Hempcrete was popularized in the 1970s and 1980s in Europe as a way to renovate deteriorating medieval castles, replacing wooden materials that had rotted away during the centuries. But now, with its environmentally friendly makeup, it has a different use. When the house in Goshen is completed, the appearance will be similar to a house in a classic English village.

Sheetrock won’t be used in the house due to its carbon footprint, nor will latex paint, he said. Instead, they’ll be using natural oil-based paints.

To make hempcrete, limestone is mixed with the woody interior of hemp stalks called hemp hurds or shives, making a slurry. The lime works as a binder that interacts with and binds the hemp product, Howland said. The house uses a traditional wood frame, while the hempcrete is packed around the wall studs. At the home in Goshen, hempcrete will be used for the exterior walls, which will be finished with a plaster siding. There’s also the option to use wood siding as well.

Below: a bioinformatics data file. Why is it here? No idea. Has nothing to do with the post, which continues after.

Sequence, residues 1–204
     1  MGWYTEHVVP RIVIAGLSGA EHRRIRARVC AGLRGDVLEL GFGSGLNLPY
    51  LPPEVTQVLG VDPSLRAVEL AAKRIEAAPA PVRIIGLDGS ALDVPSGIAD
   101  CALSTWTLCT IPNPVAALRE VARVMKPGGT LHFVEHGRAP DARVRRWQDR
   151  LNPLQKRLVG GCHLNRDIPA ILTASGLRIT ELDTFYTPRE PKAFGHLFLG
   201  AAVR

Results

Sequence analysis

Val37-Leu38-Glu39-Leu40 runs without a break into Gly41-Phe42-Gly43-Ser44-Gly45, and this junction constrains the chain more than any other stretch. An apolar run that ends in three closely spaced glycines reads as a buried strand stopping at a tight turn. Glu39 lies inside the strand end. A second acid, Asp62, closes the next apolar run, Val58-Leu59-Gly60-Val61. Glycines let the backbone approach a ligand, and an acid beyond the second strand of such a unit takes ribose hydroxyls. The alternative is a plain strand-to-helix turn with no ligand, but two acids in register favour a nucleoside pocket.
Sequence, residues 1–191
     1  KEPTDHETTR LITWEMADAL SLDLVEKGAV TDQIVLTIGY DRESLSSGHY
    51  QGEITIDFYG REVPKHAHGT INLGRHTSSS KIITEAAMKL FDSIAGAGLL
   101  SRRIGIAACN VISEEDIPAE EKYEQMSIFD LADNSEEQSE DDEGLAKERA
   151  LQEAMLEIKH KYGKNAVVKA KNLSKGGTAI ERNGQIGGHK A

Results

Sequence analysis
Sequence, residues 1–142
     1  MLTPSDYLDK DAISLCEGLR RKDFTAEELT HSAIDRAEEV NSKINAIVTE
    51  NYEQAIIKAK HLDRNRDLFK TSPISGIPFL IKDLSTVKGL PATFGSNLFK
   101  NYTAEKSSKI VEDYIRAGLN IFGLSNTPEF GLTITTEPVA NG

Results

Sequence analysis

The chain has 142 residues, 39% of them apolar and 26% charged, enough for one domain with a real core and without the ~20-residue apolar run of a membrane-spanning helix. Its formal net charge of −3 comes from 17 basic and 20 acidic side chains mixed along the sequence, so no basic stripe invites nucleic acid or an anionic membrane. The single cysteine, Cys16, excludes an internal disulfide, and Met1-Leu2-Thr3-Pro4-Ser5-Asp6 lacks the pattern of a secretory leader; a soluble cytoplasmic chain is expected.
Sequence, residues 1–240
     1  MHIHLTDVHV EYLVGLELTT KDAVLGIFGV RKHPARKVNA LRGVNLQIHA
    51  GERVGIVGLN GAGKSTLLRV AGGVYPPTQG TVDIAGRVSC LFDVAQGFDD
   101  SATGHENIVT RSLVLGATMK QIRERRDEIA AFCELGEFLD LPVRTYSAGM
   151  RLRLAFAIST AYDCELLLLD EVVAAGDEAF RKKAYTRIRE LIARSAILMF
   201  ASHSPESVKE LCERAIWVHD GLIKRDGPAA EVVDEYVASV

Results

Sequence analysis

“One of the things about hempcrete that makes it particularly excellent is its ability to hold a lot of moisture in the system without any degradation to insulation quality or mold growth, up to about 80% humidity,” Howland said. “It means that when it’s humid, the walls absorb a lot of that humidity. When you get into colder weather, then the walls release that humidity into the warm building.”

Howland said he plans to form a company to make hempcrete wall panels for house construction projects across the country.

“The idea is that in order to make any kind of environmental impact from any new building method, you’ve got to do a lot of it. One good home doesn’t matter,” he explained. “It’s got to be thousands in order to make any good carbon difference.”

Howland said he’s excited for the future of the construction company in regards to furthering its environmentally sustainable building practices.